It’s Not Too Late to Save Kyrgyzstan
In 2005, the world's heads of states, gathered at the United Nations headquarters in New York, agreed that they had a responsibility to protect their own peoples from mass atrocities -- and that the responsibility would fall to the larger community when a state proved unable or unwilling to prevent such crimes. Since that time, violence reaching the legal threshold of crimes against humanity (the other specified constituent crimes are genocide, war crimes, and ethnic cleansing) has been perpetrated in Sudan, Sri Lanka, and the Democratic Republic of the Congo, and arguably in Kenya, Burma, and Zimbabwe, among other places. In almost every case, the world has failed to muster an even remotely effective response. So far, it looks like we can add Kyrgyzstan to the list; but it's not too late to get things right.
In the explosion of ethnic violence that rocked the southern city of Osh starting June 10, as many as half the country's 800,000 Uzbeks were forced to flee their homes before marauding mobs of ethnic Kyrgyz, apparently abetted by government troops…But this might be the lull before another storm: Uzbeks may seek revenge, in turn provoking new attacks from Kyrgyz or from the Kyrgyz-dominated security forces. Naomi Kikoler of the Global Center for the Responsibility to Protect calls the violence "a textbook case of R2P," as the norm has come to be abbreviated.
(…) In the first moments of the crisis, Kyrgyzstan's interim president, Roza Otunbayeva, issued a desperate call to Moscow to provide troops. Instead, Moscow referred the matter to its own regional body, the Collective Security Treaty Organization (CSTO), which then declined to authorize action. Russia had cited R2P -- with transparent cynicism -- to justify its 2008 invasion of South Ossetia and Georgia. Why not now, with a willing government and a genuine crisis?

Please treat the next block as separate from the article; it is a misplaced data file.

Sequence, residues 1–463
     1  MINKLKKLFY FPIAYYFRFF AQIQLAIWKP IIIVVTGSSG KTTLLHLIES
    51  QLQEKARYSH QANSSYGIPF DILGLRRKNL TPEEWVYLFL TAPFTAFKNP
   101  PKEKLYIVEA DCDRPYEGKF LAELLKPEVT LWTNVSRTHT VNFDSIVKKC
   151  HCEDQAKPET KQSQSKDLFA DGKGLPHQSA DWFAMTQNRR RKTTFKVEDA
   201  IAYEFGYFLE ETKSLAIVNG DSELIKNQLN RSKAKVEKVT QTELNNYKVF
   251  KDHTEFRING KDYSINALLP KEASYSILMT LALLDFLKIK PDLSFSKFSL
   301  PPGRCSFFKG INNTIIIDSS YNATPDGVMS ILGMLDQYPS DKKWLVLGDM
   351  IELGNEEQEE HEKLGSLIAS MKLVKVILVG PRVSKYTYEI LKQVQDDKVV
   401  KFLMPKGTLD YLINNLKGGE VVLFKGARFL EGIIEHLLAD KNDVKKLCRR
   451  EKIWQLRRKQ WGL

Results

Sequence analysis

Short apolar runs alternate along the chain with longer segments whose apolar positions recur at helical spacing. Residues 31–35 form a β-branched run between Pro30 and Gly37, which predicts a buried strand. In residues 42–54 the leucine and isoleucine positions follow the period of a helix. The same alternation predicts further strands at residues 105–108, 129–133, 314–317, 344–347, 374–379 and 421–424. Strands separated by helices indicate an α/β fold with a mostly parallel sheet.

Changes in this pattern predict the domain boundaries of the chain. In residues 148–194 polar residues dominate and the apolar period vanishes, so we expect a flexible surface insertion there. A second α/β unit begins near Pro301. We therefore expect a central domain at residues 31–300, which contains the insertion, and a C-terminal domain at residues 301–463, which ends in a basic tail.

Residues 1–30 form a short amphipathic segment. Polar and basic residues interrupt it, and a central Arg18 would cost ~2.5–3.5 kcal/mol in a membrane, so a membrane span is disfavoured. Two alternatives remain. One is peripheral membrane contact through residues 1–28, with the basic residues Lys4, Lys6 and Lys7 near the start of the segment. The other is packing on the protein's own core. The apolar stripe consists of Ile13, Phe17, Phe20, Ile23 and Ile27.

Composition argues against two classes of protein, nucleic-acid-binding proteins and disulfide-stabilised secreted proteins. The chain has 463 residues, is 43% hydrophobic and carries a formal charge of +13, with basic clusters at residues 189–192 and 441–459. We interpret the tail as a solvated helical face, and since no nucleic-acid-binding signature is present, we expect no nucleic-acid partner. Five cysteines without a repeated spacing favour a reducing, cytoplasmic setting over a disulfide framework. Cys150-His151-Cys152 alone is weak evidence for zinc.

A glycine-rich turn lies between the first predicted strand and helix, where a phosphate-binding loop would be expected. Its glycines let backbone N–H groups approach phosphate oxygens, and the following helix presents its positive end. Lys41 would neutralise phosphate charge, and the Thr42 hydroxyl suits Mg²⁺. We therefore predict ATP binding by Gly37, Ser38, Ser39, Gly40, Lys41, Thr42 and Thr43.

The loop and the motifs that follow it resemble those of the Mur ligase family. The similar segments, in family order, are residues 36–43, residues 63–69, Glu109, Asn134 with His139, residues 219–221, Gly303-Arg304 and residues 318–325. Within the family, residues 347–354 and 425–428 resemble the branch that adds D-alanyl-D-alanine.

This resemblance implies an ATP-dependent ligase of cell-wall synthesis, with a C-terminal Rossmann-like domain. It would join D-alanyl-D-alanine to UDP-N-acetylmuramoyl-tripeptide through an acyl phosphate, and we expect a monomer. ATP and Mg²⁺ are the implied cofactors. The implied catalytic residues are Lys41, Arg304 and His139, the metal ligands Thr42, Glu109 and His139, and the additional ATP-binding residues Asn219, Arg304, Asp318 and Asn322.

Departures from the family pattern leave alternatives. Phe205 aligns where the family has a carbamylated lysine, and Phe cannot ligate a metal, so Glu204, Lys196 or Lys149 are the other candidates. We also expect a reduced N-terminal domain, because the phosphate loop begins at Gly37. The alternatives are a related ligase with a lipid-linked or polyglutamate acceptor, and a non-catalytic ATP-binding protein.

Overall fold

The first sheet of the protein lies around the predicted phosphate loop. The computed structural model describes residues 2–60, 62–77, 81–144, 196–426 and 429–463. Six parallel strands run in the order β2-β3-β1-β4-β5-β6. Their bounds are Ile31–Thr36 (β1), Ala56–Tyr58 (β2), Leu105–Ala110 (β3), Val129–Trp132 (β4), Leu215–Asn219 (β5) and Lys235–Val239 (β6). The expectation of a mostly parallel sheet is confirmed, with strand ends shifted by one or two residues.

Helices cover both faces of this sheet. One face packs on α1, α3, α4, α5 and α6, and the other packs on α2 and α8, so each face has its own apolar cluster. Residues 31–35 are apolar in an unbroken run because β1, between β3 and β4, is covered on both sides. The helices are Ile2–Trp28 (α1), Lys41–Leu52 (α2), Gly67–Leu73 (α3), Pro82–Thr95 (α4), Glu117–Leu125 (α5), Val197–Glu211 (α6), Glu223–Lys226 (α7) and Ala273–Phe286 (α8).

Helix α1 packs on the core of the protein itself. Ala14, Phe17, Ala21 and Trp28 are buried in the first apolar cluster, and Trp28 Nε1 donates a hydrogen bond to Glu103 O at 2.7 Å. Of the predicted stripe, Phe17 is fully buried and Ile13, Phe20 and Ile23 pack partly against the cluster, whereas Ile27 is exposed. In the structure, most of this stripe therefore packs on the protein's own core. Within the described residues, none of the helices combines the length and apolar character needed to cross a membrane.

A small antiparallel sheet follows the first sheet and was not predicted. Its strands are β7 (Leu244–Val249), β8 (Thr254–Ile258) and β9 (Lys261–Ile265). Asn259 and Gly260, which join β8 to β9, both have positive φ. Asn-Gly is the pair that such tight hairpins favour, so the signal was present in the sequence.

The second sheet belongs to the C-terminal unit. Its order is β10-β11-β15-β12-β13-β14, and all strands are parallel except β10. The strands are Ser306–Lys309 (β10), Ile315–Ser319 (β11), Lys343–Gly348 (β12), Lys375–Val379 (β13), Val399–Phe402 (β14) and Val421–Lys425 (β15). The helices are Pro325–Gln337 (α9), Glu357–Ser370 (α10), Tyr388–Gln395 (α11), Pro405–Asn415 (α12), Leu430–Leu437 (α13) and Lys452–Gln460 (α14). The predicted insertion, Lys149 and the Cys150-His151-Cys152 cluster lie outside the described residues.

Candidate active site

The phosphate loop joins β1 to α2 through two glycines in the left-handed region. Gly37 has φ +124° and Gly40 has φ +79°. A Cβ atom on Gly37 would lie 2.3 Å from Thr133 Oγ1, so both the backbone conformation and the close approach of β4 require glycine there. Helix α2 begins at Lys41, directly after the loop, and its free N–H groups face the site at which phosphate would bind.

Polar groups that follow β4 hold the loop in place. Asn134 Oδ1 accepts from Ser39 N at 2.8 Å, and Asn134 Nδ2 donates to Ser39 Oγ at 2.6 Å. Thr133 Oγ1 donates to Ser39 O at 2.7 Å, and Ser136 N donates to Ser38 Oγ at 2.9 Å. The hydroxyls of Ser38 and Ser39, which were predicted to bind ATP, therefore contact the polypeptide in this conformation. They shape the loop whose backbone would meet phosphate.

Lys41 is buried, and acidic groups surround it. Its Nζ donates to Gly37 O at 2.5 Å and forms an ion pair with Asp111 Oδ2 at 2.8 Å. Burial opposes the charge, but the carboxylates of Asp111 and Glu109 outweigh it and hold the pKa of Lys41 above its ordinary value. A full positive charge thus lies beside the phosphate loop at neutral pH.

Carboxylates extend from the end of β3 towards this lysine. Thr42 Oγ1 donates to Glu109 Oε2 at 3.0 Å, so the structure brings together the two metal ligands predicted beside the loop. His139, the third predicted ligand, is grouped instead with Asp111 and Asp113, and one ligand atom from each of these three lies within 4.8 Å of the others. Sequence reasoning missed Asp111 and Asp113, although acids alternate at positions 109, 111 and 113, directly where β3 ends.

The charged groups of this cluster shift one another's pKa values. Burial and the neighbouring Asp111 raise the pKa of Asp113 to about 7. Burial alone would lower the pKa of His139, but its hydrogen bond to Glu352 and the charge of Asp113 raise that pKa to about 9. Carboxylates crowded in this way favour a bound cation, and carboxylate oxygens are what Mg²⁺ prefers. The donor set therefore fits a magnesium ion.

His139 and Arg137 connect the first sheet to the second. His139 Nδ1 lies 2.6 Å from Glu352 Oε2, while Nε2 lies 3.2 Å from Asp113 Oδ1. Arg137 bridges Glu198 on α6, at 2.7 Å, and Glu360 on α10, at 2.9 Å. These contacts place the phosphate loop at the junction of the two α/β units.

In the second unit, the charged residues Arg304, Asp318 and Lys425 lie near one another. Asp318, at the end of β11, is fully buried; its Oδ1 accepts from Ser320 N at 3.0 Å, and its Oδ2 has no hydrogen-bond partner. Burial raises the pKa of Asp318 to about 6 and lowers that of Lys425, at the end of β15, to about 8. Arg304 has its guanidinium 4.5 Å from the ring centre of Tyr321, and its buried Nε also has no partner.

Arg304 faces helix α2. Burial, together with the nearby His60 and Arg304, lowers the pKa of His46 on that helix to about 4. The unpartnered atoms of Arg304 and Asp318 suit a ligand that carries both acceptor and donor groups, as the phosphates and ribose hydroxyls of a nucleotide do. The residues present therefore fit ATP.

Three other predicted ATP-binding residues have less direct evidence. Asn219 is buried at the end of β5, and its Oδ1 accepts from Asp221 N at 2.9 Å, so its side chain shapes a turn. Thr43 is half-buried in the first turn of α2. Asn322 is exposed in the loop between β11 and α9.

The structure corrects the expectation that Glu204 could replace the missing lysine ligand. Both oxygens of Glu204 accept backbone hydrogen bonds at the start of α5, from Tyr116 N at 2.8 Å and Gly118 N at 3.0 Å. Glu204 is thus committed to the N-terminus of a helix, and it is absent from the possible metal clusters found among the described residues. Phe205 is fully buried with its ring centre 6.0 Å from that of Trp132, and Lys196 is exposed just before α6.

(…)But military force is only one, and not necessarily the most effective, response to "R2P situations." In 2008, swift diplomacy prevented post-electoral violence in Kenya from turning into mass slaughter; tough sanctions at the very outset might have halted the killings in Darfur. The current lull in violence in southern Kyrgyzstan, and the eagerness for help displayed by a very weak but democratic regime, gives international actors a second chance to get things right, and without an urgent military intervention.
(…)The Security Council discussed Kyrgyzstan once last week, and neither Secretary General Ban Ki-moon nor council members have shown much urgency on the subject. But the White House has been engaged in virtually round-the-clock consultations on mechanisms to prevent another outbreak of violence, along with Russia, various allies, and the Organization for Security and Cooperation in Europe, whose current head is Kazakhstan. Here, too, it might be necessary to ask the Security Council to authorize some kind of "stabilization mission," perhaps involving police or constabulary forces rather than peacekeepers.
(…) Russia may be cynical on R2P, but this U.S. administration is not. In his National Security Strategy released last month, Obama vowed to remain "proactively engaged in a strategic effort to prevent mass atrocities and genocide." Last summer, when the Sri Lankan government killed thousands of civilians in its campaign to wipe out a vicious terrorist group, the administration worked quietly, and as it turned out ineffectively, to stanch the violence. Kyrgyzstan presents an easier test -- about as easy as R2P situations are likely to get. This time, no points for trying hard.
Click here to read the full article.